An Egyptian supporter of the Muslim Brotherhood presidential candidate Mohamed Morsi (picture) prays during the noon prayer in Cairo's Tahrir square, on June 21, 2012
An Egyptian supporter of the Muslim Brotherhood presidential candidate Mohamed Morsi (picture) prays during the noon prayer in Cairo's Tahrir square, on June 21, 2012 © Marwan Naamani - AFP/File
An Egyptian supporter of the Muslim Brotherhood presidential candidate Mohamed Morsi (picture) prays during the noon prayer in Cairo's Tahrir square, on June 21, 2012
AFP
Last updated: December 17, 2013

UAE verdict in Muslim Brotherhood cell on January 21

The UAE's state security court said Tuesday it will announce next month its verdict in the trial of 30 Emiratis and Egyptians charged with forming a Muslim Brotherhood cell.

The verdict will be issued in a hearing on January 21, the court decided in a session attended by 15 of the defendants, WAM state news agency reported.

Nine others refused to appear in court, it said.

The alleged Muslim Brotherhood cell comprises 10 Emiratis and 20 Egyptians, including six who remain at large.

The Egyptian defendants, including doctors, engineers and university professors, were arrested between November 2012 and January 2013, according to Human Rights Watch.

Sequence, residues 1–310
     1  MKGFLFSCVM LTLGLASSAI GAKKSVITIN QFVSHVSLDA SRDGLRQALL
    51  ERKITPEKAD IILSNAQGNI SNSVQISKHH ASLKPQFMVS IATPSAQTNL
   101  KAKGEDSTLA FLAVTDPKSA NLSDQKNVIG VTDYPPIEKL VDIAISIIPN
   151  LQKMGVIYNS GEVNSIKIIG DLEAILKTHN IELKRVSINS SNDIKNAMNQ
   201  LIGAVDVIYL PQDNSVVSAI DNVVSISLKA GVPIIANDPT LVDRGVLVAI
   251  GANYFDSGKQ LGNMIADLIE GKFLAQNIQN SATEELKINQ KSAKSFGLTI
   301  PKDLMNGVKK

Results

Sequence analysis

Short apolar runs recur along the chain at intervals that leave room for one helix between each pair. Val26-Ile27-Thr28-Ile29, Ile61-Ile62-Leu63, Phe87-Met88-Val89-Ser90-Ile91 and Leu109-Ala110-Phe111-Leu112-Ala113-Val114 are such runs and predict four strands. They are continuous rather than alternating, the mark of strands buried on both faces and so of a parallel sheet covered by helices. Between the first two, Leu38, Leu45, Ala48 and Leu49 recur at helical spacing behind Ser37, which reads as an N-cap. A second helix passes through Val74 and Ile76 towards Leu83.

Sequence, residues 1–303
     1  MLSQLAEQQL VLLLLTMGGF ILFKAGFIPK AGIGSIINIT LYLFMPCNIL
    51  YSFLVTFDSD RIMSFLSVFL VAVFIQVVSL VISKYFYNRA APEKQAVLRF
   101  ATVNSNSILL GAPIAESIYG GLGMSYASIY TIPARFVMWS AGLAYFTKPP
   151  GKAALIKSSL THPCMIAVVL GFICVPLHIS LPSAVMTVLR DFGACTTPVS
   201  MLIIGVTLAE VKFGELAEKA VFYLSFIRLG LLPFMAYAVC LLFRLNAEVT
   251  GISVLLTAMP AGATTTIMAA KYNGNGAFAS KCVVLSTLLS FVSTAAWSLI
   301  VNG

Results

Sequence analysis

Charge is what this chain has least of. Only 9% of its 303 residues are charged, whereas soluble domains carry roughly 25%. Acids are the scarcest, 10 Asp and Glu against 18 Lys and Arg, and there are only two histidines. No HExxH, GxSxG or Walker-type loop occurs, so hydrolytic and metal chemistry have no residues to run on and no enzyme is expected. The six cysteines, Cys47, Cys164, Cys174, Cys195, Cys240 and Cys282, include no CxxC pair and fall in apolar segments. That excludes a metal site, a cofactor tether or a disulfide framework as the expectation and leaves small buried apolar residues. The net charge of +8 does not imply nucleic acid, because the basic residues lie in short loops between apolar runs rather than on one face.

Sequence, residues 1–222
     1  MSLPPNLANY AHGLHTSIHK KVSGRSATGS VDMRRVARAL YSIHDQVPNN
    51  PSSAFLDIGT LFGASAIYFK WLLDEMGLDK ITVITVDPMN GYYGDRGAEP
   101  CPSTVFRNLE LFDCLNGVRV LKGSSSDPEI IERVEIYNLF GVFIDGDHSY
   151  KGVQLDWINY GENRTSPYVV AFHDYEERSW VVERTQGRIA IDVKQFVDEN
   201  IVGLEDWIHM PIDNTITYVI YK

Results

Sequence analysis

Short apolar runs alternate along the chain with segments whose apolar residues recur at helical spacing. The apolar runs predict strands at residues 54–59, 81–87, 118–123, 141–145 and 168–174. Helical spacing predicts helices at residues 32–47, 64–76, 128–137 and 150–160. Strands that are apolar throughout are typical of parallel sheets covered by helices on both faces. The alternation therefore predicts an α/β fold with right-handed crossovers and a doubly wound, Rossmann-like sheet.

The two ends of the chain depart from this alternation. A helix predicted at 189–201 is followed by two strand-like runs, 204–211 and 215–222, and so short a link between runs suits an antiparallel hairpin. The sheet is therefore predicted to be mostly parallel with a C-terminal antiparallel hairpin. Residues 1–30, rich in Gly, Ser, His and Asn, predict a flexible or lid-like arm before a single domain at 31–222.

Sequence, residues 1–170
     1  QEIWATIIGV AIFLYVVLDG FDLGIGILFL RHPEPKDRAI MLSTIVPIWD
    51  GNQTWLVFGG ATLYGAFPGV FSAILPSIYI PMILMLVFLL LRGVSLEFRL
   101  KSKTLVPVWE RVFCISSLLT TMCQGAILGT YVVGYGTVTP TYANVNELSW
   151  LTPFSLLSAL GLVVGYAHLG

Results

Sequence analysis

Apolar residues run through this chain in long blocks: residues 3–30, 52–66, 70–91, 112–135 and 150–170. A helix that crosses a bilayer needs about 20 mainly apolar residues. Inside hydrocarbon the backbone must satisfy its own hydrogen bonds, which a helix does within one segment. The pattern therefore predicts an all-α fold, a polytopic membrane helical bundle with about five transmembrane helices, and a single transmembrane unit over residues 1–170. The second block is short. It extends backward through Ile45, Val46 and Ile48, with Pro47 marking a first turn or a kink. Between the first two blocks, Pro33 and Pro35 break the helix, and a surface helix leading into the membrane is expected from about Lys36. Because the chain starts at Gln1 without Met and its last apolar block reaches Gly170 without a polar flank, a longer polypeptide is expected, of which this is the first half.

The Gulf states have grown increasingly concerned about the Brotherhood following its prominent role in the Arab Spring uprisings sweeping the region.

The group is banned in much of the region, and the United Arab Emirates, Kuwait and Saudi Arabia pledged billions of dollars in aid to Egypt after the military in July overthrew president Mohamed Morsi, who hails from the Brotherhood, and launched a brutal crackdown on his supporters.

Amnesty International on Monday accused UAE authorities of harassing the families of prisoners convicted on "vague national security charges."

"The UAE authorities must end this shameful and vindictive campaign of persecution. Prisoners’ families must not be punished for seeking justice for their relatives," the rights groups said.

It was referring to the families of 69 nationals jailed for up to 15 years each on charges of plotting to overthrow the government.

They were part of a group of 94 defendants, including 13 women.

Prosecutors said the accused were linked to Al-Islah, a group with ties to the Muslim Brotherhood.

Ten of them are also being tried in the case of the Muslim Brotherhood cell.

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